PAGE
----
The Senator (tree)
The Senator was the biggest and oldest pond cypress tree in the world, located in Big Tree Park, Longwood, Florida. At the time of its demise, it was 125 feet (38 m) tall, with a trunk diameter of 17.5 feet (5.3 m). The tree was destroyed by a fire from a lightning strike almost a week earlier. 
The Seminoles and other Native American Indians who lived throughout Central Florida used this tree as a landmark. In the late 19th century, the tree attracted visitors even though much of the surrounding land was swamp; reaching the tree was done by leaping from log to log. A walkway was later constructed by the Works Progress Administration. In 1925, a hurricane destroyed the top of the tree, reducing its original height of 165 feet (50 m) to a height of 118 feet (36 m).
The Senator was named for Florida State Senator Moses Overstreet, who donated the tree and surrounding land to Seminole County for a park in 1927. In 1929, former US President Calvin Coolidge reportedly visited The Senator and dedicated the site with a commemorative bronze plaque. A photo that was published of Coolidge and his wife near the tree was reported by the Orlando Sentinel to have been doctored. The plaque and portions of an iron fence were stolen by vandals in 1945 and never recovered.
Fire and collapse
On January 16, 2012, a fire was reported at the top of the Senator tree, which burned from the inside out, "like a chimney." Firefighters arrived to try to extinguish the blaze, but the tree collapsed. The charred remains of the tree now stand only 20 to 25 feet (6.1 to 7.6 m) tall.
On February 28, 2012, The Division of Forestry said they arrested 26 year old Sara Barnes in relation to the fire of The Senator. Barnes said she regularly went to the tree site to do drugs and lit a fire that night so that she could see, but that it got out of control. Officials said that they found images of the fire being started on Barnes' laptop and on her cellphone. When an arrest warrant was served at her home she was also charged with possession of methamphetamine.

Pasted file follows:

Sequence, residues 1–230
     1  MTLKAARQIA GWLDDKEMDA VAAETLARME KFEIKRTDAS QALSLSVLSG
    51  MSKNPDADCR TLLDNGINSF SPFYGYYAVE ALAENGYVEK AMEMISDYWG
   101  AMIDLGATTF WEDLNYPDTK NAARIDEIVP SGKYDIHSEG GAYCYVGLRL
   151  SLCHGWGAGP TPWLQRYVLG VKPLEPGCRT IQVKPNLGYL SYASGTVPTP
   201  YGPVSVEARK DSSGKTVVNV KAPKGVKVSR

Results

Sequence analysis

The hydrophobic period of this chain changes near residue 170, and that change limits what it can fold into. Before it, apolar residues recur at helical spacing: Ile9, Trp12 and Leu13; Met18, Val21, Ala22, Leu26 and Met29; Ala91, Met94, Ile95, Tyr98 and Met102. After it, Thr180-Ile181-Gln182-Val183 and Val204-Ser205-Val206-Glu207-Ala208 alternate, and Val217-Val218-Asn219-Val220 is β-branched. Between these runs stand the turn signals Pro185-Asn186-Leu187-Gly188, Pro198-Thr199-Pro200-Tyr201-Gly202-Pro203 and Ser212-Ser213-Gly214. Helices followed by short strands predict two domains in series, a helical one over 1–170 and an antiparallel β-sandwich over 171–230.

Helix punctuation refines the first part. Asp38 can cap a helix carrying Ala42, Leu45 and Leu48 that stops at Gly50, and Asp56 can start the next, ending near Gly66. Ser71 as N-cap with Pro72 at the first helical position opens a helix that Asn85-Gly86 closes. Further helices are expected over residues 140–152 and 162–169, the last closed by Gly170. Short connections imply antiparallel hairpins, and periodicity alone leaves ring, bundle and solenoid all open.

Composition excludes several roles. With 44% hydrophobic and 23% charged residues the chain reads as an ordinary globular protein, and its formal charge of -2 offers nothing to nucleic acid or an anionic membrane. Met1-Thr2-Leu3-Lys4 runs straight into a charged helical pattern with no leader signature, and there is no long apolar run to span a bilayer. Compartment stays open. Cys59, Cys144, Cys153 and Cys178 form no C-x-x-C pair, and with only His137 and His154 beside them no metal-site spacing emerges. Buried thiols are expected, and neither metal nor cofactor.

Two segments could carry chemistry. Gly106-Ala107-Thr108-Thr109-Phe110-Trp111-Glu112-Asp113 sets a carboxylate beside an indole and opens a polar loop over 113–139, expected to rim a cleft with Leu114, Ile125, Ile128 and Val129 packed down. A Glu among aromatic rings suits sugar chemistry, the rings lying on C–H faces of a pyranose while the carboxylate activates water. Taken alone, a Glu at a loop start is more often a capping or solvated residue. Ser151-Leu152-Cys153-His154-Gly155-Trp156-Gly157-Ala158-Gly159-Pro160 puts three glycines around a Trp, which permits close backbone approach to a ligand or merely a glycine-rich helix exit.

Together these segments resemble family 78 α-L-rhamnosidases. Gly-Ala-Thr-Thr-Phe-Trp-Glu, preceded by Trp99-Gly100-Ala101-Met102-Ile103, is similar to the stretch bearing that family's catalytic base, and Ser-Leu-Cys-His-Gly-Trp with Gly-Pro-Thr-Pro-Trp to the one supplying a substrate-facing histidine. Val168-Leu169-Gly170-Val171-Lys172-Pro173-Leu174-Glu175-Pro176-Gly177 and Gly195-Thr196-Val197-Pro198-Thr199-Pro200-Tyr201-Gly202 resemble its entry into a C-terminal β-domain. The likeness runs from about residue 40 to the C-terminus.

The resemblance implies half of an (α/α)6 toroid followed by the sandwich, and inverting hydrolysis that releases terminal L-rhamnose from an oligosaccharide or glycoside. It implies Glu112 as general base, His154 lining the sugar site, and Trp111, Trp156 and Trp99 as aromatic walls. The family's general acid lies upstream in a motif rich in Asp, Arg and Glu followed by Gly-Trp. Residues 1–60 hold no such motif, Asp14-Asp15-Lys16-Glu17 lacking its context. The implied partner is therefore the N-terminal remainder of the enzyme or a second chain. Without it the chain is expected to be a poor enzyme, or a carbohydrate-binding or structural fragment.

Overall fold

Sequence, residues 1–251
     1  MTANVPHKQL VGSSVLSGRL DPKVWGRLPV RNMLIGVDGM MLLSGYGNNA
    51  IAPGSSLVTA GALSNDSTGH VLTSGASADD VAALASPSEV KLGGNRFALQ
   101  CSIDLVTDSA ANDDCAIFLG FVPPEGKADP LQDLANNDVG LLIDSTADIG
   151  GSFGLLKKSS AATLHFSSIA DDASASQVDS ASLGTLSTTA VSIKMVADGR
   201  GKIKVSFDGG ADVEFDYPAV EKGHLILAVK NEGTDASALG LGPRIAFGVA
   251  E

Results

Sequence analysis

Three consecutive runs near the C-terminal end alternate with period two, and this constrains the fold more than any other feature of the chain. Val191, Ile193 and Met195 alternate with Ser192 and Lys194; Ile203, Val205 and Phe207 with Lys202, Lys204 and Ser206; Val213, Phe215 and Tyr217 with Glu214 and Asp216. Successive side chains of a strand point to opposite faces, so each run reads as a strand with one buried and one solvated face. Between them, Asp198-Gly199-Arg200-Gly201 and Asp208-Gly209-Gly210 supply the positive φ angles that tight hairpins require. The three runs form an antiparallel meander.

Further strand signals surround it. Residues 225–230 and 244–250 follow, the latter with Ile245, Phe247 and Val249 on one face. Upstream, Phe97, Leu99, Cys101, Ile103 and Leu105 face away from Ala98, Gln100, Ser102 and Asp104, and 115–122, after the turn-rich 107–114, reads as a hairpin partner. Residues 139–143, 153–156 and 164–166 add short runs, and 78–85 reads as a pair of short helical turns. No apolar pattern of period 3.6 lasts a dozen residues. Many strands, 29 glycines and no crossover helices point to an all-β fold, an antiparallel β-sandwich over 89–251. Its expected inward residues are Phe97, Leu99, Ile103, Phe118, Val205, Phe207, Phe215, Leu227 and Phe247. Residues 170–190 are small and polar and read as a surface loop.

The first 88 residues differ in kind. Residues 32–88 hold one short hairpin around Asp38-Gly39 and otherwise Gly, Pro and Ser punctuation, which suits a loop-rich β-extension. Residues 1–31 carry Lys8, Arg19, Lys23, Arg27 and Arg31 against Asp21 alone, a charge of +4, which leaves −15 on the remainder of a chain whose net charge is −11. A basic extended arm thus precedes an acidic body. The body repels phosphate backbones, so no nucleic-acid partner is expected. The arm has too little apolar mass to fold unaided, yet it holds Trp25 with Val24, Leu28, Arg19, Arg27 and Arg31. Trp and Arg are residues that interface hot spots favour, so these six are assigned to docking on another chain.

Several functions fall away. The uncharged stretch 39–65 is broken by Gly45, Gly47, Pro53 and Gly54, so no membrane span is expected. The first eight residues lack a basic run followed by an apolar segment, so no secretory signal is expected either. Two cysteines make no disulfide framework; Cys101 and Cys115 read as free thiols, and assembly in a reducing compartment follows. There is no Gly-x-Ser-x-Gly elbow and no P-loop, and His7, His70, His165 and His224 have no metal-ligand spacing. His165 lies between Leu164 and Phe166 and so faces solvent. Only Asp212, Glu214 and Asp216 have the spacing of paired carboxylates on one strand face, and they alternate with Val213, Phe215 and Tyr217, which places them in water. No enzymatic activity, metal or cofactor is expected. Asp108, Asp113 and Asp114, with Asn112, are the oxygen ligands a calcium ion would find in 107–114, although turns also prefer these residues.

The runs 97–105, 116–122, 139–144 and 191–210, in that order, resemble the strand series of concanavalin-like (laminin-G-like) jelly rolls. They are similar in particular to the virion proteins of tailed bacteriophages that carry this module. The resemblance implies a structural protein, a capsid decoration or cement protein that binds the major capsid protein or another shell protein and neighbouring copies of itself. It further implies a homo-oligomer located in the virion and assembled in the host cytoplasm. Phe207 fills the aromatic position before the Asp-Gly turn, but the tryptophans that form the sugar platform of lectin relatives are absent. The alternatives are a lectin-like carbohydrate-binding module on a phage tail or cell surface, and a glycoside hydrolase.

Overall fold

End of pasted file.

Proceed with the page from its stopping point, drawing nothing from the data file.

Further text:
Some people believe that the tree is still alive. They have spotted saplings at the base of the big tree. Officials also said that the tree was cloned at one point, and they are searching to bring the clones back. In October 2013, Seminole County officials allowed a small, select group of artists and woodworkers to create works of art for the county from the charred remains of the Senator. Artisans have created a variety of items, including vases, pens, ornate flutes, and sculptures. Some of the items have been made available for sale at art shows, and officials are working towards making both a permanent and travelling exhibit with some of the artifacts.
On March 2, 2014, Big Tree Park was re-opened to the public after being closed for almost a year after the fire that destroyed The Senator. A memorial was constructed which includes signage along the newly renovated boardwalk, a playground piece that mimics a bald cypress tree stump and a clone of The Senator that was planted near the playground. The name for the clone is "The Phoenix".
As of 1993, the Senator was estimated to be 3,500 years old, making it the 5th oldest tree in the world. The tree's volume had previously been estimated at 4,300 cubic feet (120 m3), but a 2006 survey by Will Blozan of the Native Tree Society has measured the volume at well over 5,100 cubic feet (140 m3), making The Senator not only the largest Pond Cypress in the United States, but also the largest tree of any species east of the Mississippi River.
Lady Liberty Tree
Located 40 feet (12 m) from where The Senator stood is another old cypress in the same Big Tree Park named Lady Liberty that was named companion tree to The Senator. It is 89 feet (27 m) high 10 feet (3.0 m) in diameter, and is estimated to be 2000 years old; another one of the oldest trees in the world.
- "Fire destroys 3,500-year-old cypress tree 'The Senator' in Florida". London: Daily Mail Online. 2012-01-16. Retrieved 2012-01-17.
- "The Senator cypress tree at Big Tree Park", OrlandoSentinel.com
- "The Senator - Florida's Big Tree". Floridata. Retrieved 2012-01-16.
- Pavuk, Amy (2012-01-16). "Investigator: Fire that destroyed 'The Senator' was not arson". Orlando Sentinel. Tribune Company. Retrieved 2012-01-16.
- Campbell, Janie (2012-03-04). "The Senator: Sara Barnes Charged With Setting Fire That Destroyed 3,500-Year-Old Florida Cypress Tree". Huffington Post. Retrieved 2012-09-01.
- "Seminole County's 'The Senator' tree lives on in art". SeminoleVoice.com. 2013-10-17. Retrieved 2014-06-05.
- "Big Tree Park". SeminoleCountyFL.gov. Retrieved 2014-06-05.
- "The Senator Cypress is re-elected to top position in Eastern Forests". Eastern Native Tree Society. 2006-05-08. Retrieved 2012-01-16.
|Wikimedia Commons has media related to Senator (tree).|
- Big Tree Park in Longwood, FL
- The Senator - Florida's Big Tree
- Study Conducted by The Native Tree Society